So when we’re in these addictions, we are so far removed from God that we have no chance of connecting. We need to go in and down to get to the connection point.

So we need to go into the anger, we go, “Okay I’m angry, I’m angry. I admit that I’m angry. Okay there’s an addiction in play. I’m angry so there’s got to be an addiction.” And even at that point most of us go, “No it’s your fault I’m angry.” For example, “It was my husband’s fault; he didn’t do the right thing by me.” Or, “It was my wife’s fault or my children’s fault.” It’s always somebody else’s fault, right? No, it’s because you have expectations and demands that you’re angry, that’s the only reason why you’re angry. So it’s within me – my expectations, my demands – that create this rage within me. So I go, “Okay, there’s an addiction inside of me that I desperately do not want to release. What is it?”

This is where prayer now comes into effect – where we can start praying for God to help us with finding what it is. Talk to our spirit guides who can lead us to show us what it is.”

Original Video:

Needs vs Longing

“When need is not met it creates an emotion that is out of harmony with love inside of us. So if I need something from you and you don’t give me what I need, I then feel sad, hurt, angry, or one of those emotions. Maybe even afraid, but any emotion that’s out of harmony with love that I am feeling in that moment demonstrates that I was in a codependency desire with you. I was demanding something from you that when you didn’t give it to me, I felt this neediness towards you, which was a demand. And when you didn’t give it to me, I got upset, hurt, angry, whatever the emotion was. That’s an indication that I am in need with a person and therefore in an addiction.
But a longing is very different. I can have a longing for you without actually projecting any needs upon you at all and without projecting any demand upon you at all. This is in fact what God wants from you to receive Divine Love because what happens is when you have a pure longing inside of your own soul for somebody’s love that’s not about neediness, there’s a part of your soul that opens that allows love to be received. And you see most of us on this planet have a lot of shut down things inside of our soul that prevent us from receiving love. So when we have a longing for somebody’s love, we open up this vulnerable part of ourselves, which allows love to flow into it. Now that’s not the same as a need; a need is a projected demand that the person love you. A longing is just a longing for their love whether they love you or not and you remain as happy whether they love you as you did when they didn’t.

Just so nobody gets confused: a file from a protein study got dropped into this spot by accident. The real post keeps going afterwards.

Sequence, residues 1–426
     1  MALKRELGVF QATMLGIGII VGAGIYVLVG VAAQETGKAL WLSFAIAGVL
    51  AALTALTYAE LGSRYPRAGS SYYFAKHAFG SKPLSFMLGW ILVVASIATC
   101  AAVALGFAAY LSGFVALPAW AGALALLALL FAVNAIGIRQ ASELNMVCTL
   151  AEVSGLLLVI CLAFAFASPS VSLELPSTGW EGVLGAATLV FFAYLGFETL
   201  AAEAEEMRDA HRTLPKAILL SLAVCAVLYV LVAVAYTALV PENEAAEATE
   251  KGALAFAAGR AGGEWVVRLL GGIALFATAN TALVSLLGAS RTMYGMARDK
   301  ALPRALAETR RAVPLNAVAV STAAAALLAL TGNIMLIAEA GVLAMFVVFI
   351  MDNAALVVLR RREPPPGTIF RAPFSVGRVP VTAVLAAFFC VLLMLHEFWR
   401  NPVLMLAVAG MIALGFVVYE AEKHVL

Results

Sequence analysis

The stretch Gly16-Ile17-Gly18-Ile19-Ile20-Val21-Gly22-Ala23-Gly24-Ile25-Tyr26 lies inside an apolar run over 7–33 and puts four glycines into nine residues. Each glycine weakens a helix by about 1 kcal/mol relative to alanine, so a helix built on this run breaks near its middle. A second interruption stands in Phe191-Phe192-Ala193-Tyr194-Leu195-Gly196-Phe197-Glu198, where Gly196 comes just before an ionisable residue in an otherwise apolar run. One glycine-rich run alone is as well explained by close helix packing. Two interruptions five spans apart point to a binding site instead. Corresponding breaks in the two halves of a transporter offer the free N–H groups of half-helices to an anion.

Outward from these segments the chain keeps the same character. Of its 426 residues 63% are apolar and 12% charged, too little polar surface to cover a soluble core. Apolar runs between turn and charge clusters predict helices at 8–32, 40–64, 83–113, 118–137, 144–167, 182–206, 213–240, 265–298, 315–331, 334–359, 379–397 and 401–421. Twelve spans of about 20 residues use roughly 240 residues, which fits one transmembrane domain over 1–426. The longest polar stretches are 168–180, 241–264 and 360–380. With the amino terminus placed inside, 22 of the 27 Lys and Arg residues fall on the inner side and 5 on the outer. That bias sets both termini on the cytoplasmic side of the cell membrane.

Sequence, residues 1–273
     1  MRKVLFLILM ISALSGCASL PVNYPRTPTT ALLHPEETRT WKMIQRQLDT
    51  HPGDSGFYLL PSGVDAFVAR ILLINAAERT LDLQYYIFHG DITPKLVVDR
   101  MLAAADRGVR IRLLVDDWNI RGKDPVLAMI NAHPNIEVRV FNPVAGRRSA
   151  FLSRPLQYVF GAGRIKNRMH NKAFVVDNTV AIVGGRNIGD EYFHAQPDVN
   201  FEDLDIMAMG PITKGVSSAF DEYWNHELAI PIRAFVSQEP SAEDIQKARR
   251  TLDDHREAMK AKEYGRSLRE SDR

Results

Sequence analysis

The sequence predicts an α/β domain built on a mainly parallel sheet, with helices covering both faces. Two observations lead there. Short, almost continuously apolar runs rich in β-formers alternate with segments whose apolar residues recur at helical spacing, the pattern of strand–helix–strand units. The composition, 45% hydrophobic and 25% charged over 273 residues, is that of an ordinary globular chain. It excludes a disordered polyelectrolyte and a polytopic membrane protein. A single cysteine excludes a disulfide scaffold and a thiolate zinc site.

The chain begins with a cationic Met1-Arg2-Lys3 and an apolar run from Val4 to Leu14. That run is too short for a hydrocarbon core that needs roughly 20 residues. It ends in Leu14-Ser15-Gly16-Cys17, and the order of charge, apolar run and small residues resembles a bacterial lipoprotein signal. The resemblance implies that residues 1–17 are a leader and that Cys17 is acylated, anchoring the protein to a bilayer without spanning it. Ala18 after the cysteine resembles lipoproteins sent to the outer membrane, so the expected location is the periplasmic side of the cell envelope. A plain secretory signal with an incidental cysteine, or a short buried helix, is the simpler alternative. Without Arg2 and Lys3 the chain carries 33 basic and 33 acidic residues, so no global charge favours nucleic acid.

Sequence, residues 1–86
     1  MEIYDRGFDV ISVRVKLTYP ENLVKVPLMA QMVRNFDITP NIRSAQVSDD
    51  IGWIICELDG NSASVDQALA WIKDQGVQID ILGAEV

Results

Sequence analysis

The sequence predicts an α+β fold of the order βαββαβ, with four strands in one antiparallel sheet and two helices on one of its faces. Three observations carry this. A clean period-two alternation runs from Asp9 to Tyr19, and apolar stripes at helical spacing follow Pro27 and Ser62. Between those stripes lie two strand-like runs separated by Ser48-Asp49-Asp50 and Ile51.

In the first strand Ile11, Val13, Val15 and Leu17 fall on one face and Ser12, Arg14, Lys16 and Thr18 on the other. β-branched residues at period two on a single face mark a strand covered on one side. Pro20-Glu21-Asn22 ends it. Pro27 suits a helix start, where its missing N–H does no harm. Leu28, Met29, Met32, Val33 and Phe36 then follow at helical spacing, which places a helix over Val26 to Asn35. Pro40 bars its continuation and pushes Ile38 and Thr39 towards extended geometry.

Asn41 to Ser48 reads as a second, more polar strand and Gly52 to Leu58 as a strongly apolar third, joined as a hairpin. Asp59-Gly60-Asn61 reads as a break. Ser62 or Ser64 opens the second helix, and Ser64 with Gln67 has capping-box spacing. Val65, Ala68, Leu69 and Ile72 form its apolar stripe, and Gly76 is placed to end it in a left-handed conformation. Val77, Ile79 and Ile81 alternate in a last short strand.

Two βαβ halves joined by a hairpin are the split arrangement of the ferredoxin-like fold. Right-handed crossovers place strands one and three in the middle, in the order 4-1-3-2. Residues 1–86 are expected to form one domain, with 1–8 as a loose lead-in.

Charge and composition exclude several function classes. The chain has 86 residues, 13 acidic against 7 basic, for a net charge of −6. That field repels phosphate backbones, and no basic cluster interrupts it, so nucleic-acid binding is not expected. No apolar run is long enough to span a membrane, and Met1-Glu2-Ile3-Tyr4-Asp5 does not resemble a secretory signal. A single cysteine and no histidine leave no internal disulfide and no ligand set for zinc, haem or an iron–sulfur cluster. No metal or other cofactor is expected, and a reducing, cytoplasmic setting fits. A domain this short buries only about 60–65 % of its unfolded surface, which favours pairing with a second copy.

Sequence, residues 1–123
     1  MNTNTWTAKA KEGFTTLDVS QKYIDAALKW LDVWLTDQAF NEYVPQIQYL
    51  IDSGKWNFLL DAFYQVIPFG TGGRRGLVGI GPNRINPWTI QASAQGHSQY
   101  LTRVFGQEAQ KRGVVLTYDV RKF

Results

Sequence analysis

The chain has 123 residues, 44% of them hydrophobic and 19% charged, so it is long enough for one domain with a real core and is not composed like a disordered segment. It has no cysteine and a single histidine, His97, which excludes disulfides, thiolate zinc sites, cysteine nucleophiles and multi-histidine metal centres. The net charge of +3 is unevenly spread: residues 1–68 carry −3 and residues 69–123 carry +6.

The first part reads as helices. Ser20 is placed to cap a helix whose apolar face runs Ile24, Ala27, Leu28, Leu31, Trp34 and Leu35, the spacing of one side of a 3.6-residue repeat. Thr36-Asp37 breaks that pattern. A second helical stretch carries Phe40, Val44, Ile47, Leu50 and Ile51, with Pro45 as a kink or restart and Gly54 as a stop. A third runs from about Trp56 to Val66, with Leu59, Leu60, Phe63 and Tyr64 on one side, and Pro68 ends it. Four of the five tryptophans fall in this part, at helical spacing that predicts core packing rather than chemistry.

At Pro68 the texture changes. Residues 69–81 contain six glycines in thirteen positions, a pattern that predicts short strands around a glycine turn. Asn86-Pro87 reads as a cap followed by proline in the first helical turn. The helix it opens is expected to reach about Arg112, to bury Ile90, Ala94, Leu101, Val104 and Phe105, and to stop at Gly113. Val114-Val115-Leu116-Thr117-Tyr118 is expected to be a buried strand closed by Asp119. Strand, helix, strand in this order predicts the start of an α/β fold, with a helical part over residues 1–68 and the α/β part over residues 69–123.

So what often happens is we’re longing for somebody’s love, this open and vulnerable space gets created, and you see this a lot with teenagers before they get very hurt in love; they have this real strong longing for the other person and they just demonstrate that longing without any subterfuge or deceit. They’re just open about it, “Yeah you know I just love him, he’s so beautiful and he’s gorgeous,” and their eyes light up and you know they have this really open feeling coming from them. But then they get hurt and what starts to happen? Now they’re a bit more guarded with their heart.

But when we’re in a longing space we are not guarded with our heart, our heart is open and vulnerable and therefore
it’s open to being hurt as well. But if I have no addictive emotions in me, will I ever get hurt by having a longing? No. So any hurt that I feel that’s due to a longing is because of an unmet emotional need from my childhood that needs to be released anyway. [01:19:45]”

(The Human Soul: Processing Addictions)

Beginning to recognise our addictions

“The beginning is always becoming consciously aware that this is happening through your emotions. So your emotion is anger, frustration, annoyance, deflation; all of those type of emotions. There’s an addiction not being met, straight away an addiction, I’ve got to write down the circumstances in which this happened. Today the circumstance that happened was that AJ told me a truth that made me feel like, “Oh I’ve got a lot of work to do. I would have liked him to tell me that actually in ten minutes time all of you are going to become at-one with God.” (Laughter) That sounds really good doesn’t it? “Woo that’s really cool!” But it’s not true, so that’s the problem with that kind of thing.

This is the trouble with what we’ve done; we’re so used to hearing sweet platitudes because of our addictions. We want to actually get somebody cheering us up because we want to avoid the emotion of how we really feel which is not that happy about ourselves really, and we need someone to cheer us up in order to make us feel happy about ourselves. And so all we’re doing is we’re avoiding how unhappy we feel about ourselves really in that moment. [00:55:26]

If I can allow myself to go, “Oh okay, right at that moment, AJ said that,” and to be frank with you it doesn’t even matter whether I lied to you or not. Now don’t go and quote that out of context, will you? Because what I’m saying is that although I want to tell you the truth, even if you’re lied to by somebody and it makes your energy go down, there’s an addiction in play inside of you. You don’t even need to worry about what the external environment is really doing to handle these things; all you need to do is feel your own emotional response to what the external environment is doing.That’s all you need to do and you’ll know straight away whether there is an addiction in play or not. You don’t even need to have someone come along and tell you anymore, all you do is feel your own emotion. [00:56:18]”